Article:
An extensive tract of wet and dry heath with pools and fen, in the upper reaches of the River Alun. This diverse site supports over 350 species of flowering plants including the Lesser Butterfly Orchid (6-7) Dowrog Common downloadable version of this leaflet for printing (124 KB) or Return to the Pembrokeshire Main Page Grid References O.S. Explorer map OL36 North Pembrokeshire. Main entrance: SM772274 Site centre: SM772270 Status Notified as a SSSI and part of the north-west Pembrokeshire Commons cSAC. Tenure Leased from the National Trust.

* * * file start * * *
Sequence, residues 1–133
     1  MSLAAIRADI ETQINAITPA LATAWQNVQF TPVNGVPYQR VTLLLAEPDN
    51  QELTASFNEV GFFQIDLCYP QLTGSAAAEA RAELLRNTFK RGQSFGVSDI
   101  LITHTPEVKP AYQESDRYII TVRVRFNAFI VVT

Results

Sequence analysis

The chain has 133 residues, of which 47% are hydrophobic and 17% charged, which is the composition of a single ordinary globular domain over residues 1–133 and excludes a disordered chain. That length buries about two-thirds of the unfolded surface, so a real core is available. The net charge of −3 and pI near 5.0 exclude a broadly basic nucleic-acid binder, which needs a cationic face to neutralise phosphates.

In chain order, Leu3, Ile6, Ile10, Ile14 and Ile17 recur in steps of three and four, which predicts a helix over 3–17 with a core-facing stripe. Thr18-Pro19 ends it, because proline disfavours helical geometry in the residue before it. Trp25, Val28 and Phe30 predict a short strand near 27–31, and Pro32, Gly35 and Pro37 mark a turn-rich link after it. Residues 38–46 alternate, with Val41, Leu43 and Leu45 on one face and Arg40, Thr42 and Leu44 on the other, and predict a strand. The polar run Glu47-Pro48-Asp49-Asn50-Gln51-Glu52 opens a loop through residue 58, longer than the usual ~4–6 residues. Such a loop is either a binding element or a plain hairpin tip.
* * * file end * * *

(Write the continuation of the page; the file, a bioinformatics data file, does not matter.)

Size 101 ha (242 acres). Location and Access Notes Public transport Puffin Shuttle and Celtic Coaster from St Davids. Info from Pembrokeshire Coast National Park. St Davids visitor centre (01437) 720392. Road goes through reserve. Small off road parking area by cattle grid. Very wet in places; not accessible for wheelchairs. Description: . The wet heath supports Western Gorse (7-9), Heather (Ling) (7-9), Cross-leaved Heath (7-9) and Bell Heather (7-9), with Purple Moor Grass, Common Fleabane (8-9) and Hemp-agrimony (7-9) on the riverside marsh and fen, along with Grey Willow. Many rare oceanic heath and marsh plants occur on the reserve, including Yellow Centaury (8-9), Pale Dog-violet (5-6), Wavy St. John’s Wort (7-9), Three-lobed Crowfoot and Pilwort. There are several small pools colonised by Bog Pondweed and Marsh St. John’s Wort (6-9). To the western end of the reserve lies Dowrog Pool, a seasonal pond which reduces to 6 ha of open water during dry periods. The pool is surrounded by a swamp of Reedmace, Water Horsetail, Marsh Cinquefoil (6-7) and Bogbean (5-7). Further pools have been excavated on the reserve to enhance this important habitat for Odonata and to encourage the spread of the rare Pilwort. The site supports a diverse and interesting range of invertebrates including the Marsh Fritillary butterfly, Scarlet Tiger moth, Small Red Damselfly, Hairy Dragonfly and Scarce Blue-tailed Damselfly. Rare flies include Colobaea bifasciella and C. distincta and notable beetles include Bradycellus collaris and Galerucella calmarfensis. Wintering wildfowl and birds of prey proliferate on the Common. Hen Harrier roost on site, and Short-eared Owl and Merlin are regular winter visitors. Bewick’s and Whooper Swans, Teal, Wigeon, Shoveler and Mallard can be seen in winter along with Snipe, Water Rail, Coot and Moorhen, particulary around Dowrog Pool. The wetland areas also support breeding Grasshopper Warbler, Reed Bunting and Sedge Warbler. Otters regularly visit the site and Water Shrews have also been recorded.